France Loses the Creator of Vin de France - and a Formidable Blogeur

In 2001, Jacques Berthomeau who died this month, shocked the French wine establishment by recommending the creation of a new classification called Vin de France that would enable producers to compete with varietal wines from the New World. Eight years later, his idea became reality. Today, it is a huge success - both for those exports, and - perhaps surprisingly for him - for many of the natural wine producers Berthomeau later wrote about in his blog.

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Jacques Bertomeau on the Terrace of Ici-même, rue de Charenton, his favourite natural wine bar and cellar in Paris (Photo: Magalie Dubois)
Jacques Bertomeau on the Terrace of Ici-même, rue de Charenton, his favourite natural wine bar and cellar in Paris (Photo: Magalie Dubois)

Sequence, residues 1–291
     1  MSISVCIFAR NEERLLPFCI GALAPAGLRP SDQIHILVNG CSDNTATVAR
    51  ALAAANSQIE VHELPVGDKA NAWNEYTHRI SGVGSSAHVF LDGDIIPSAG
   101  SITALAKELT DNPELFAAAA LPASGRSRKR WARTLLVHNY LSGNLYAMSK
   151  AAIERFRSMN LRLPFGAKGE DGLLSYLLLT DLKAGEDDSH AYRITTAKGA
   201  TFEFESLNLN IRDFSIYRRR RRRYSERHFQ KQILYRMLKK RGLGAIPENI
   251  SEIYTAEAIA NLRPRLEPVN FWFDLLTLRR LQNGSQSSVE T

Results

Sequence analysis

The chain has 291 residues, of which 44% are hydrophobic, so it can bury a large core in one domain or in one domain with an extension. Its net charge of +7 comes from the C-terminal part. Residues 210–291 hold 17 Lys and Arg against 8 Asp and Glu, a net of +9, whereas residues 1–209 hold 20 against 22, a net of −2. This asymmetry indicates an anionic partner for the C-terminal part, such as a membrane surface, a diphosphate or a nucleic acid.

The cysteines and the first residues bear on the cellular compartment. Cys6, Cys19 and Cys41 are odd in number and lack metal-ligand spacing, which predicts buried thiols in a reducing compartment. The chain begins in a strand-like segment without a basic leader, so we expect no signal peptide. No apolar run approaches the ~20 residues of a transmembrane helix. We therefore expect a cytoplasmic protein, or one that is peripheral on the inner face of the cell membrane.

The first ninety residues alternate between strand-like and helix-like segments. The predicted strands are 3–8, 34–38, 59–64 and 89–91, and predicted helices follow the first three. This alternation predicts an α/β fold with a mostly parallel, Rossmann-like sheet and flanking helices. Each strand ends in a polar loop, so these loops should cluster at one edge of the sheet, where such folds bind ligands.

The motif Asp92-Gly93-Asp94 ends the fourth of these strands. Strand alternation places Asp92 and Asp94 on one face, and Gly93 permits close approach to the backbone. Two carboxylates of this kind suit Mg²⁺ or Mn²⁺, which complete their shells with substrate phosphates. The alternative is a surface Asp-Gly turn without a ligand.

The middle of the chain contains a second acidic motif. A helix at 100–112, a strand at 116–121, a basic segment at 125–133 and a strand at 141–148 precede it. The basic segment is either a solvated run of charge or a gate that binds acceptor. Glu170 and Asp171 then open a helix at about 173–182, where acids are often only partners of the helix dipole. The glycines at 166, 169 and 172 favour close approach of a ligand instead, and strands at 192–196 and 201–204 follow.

Jacques Berthomeau, who died on November 6, at the age of 74 will be remembered by many wine-loving French-speakers as the author of a popular daily blog on food and wine, and by others as the author of an eponymous 2001 report that laid the foundations for the eventual modernization of the French wine industry. Few of the 15,000 people who loyally followed the 8,593 opinionated posts on food, wine and French culture Jacques Berthomeau published from 2005 until November 4th of this year will probably have read the Rapport Berthomeau – Berthomeau Report - that he delivered to the French minister of agriculture in 2001. Those who shared and applauded his enthusiasm for natural wine – he drank nothing else – may be surprised to learn that two decades ago, his focus was on persuading the government and wine industry to adopt something very like the model of  Vin de France we know today.

France Falls Behind